manubrium


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Related to manubrium: manubrium of malleus, Body of sternum

manubrium

 [mah-noo´bre-um] (L.)
1. the uppermost portion of the sternum; called also manubrium sterni.
2. the largest process of the malleus, giving attachment to the tendon of the tensor muscle of the tympanum; called also manubrium mallei.

ma·nu·bri·um

, pl.

ma·nu·bri·a

(mă-nū'brē-ŭm, -ă), [TA]
The portion of the sternum or of the malleus that resembles the handle of a sword or hammer.
[L. handle]

manubrium

/ma·nu·bri·um/ (mah-noo´bre-um) pl. manu´bria   [L.] a handle-like structure or part, such as the manubrium of the sternum.
manubrium mal´lei , manubrium of malleus the longest process of the malleus; it is attached to the middle layer of the tympanic membrane and has the tensor tympani muscle attached to it.
manubrium ster´ni , manubrium of sternum the cranial part of the sternum, articulating with the clavicles and first two pairs of ribs.

manubrium

(mə-no͞o′brē-əm, -nyo͞o′-)
n. pl. manu·bria (-brē-ə)
A body part or process shaped like a handle, especially:
a. The broad upper division of the sternum with which the clavicle and first two ribs articulate. Also called episternum, presternum.
b. The long tapering process of the malleus attached to the central portion of the eardrum.

manubrium

[məno̅o̅′brē·əm]
Etymology: L, handle
the most anterior of the three bones of the sternum, presenting a broad quadrangular shape that narrows caudally at its articulation with the superior end of the body of the sternum. The pectoralis major and the sternocleidomastoideus are attached to the manubrium. Compare xiphoid process. manubrial, adj.

ma·nu·bri·um

, pl. manubria (mă-nū'brē-ŭm, -ă) [TA]
The portion of the sternum or of the malleus that represents the handle.
[L. handle]

manubrium

The shield-shaped upper part of the breastbone (STERNUM). The inner ends of the collar bones (clavicles) and of the first and second ribs articulate with the manubrium.

manubrium

  1. any handle-like elongated process.
  2. the tubular mouth of a jellyfish.
  3. the anterior segment of the sternum in mammals.
  4. the first segment of the springing organ in COLLEMBOLA.

manubrium

pl. manubria [L.]
1. the most cranial portion of the sternum.
2. the largest process of the malleus, giving attachment to the tendon of the tensor muscle of the tympanum.
References in periodicals archive ?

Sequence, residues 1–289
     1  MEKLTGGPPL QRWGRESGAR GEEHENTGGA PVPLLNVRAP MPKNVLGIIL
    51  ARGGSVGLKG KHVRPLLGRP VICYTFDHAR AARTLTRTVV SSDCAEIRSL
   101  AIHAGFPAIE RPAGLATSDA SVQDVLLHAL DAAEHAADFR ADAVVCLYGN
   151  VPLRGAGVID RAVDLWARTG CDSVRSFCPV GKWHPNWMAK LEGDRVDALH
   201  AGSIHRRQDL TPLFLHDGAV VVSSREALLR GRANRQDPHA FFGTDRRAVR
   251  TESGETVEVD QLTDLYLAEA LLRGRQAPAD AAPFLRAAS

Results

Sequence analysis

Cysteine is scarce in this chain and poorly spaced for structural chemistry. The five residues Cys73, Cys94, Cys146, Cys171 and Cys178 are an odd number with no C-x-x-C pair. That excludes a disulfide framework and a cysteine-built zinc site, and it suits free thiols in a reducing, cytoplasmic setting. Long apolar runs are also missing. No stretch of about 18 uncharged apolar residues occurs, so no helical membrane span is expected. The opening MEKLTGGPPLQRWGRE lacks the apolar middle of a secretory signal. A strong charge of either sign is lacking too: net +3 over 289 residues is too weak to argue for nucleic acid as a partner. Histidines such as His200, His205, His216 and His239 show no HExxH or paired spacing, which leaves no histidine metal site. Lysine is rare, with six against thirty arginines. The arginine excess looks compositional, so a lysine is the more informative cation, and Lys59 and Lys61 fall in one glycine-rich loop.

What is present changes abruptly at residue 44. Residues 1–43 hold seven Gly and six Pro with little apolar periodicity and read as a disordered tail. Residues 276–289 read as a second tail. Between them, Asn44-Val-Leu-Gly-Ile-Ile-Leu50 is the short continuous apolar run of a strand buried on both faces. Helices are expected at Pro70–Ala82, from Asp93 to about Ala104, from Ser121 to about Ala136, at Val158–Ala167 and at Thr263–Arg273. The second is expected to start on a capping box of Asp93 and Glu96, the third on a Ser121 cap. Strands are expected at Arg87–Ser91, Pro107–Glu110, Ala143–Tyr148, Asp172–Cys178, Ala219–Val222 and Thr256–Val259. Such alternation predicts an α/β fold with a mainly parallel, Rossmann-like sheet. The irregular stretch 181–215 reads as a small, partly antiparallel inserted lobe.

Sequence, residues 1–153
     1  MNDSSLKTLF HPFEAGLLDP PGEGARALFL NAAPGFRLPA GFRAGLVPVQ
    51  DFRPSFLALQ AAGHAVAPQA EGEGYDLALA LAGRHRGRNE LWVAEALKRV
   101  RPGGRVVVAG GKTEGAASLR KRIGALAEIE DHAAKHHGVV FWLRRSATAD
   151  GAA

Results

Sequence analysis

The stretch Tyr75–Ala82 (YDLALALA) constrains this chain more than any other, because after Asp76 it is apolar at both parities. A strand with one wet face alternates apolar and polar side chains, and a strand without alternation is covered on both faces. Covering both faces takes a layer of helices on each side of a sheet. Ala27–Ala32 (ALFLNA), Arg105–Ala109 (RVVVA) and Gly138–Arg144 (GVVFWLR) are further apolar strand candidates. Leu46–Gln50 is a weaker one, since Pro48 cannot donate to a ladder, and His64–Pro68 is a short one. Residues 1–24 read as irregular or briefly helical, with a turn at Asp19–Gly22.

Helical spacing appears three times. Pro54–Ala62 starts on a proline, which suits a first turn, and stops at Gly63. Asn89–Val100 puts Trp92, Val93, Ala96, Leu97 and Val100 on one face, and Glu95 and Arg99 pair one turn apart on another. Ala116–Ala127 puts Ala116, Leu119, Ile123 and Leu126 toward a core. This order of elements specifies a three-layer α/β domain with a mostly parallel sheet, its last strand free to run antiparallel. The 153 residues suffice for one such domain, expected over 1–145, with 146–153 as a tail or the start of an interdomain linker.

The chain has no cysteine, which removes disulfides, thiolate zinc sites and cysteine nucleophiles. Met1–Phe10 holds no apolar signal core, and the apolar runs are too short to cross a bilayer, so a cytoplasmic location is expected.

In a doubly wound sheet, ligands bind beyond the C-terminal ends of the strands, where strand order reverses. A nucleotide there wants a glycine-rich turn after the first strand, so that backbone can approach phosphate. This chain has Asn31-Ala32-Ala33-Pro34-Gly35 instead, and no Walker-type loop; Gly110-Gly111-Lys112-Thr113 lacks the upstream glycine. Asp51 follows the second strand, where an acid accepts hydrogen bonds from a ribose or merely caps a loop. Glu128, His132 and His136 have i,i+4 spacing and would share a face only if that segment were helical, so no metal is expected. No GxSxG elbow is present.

Caption: FIGURE 6: Note that the basion plumb line which stands posterior to manubrium.
Tentacular contraction and oral-directed bending of the pedalium is consistent with the feeding behavior described by Larson (1976) in which shortening of the tentacle and inward bending of the pedalium allowed transfer of prey from the tentacle to the manubrium.
Out of the two SH, the medial fleshy head arose from the anterolateral surface of the manubrium sterni, while the lateral tendinous head was arising from the sternum close to sternoclavicular joint, and both fused with each other near its attachment to the mastoid process.
In the patients with posterior dislocations, the hooks were placed in an intraosseus position in the manubrium to prevent redisplacement posteriorly.
In some cases a bony spur is palpable on the mandible or a small cleft is felt on the manubrium sternum.
Manubrium sterni stress fracture: an unusual complication of non-contact sport.
On the anterior thoracic wall there is loss of soft tissue on the right side, from the union of the manubrium with the body of the sternum, continuing caudal-like and stemming from the sterna union with the second rib on the left side.
Other bones that may indicate ethnicity include (1) the sternum, which may show an opening that is frequently mistaken for a healed entry wound from a bullet in the lower aspect of the manubrium (African) (Figures 1 [IV B] and 10); (2) the femur, which shows an anteriorly oriented bowing (African); (3) greater bone density than typical (African); (4) femora with greater than typical curvature (Asian); and (5) considerable torsion at the femoral neck (Asian).
In figure-of-eight technique, a total of four figure-of-eight sutures were placed parasternally (one cephalically at the manubrium and three at the body of sternum).
Compression of the tracheal lumen to 3 mm in span was seen at the level of the manubrium (Figure 2).
On examination, there was intense redness, tenderness and swelling of the manubrium and the left sternoclavicular joint.
It took origin from the second costal cartilage to the manubrium of sternum and the second costochondral joint, afterwards became a tendinous structure and divided into two on the coracoid process.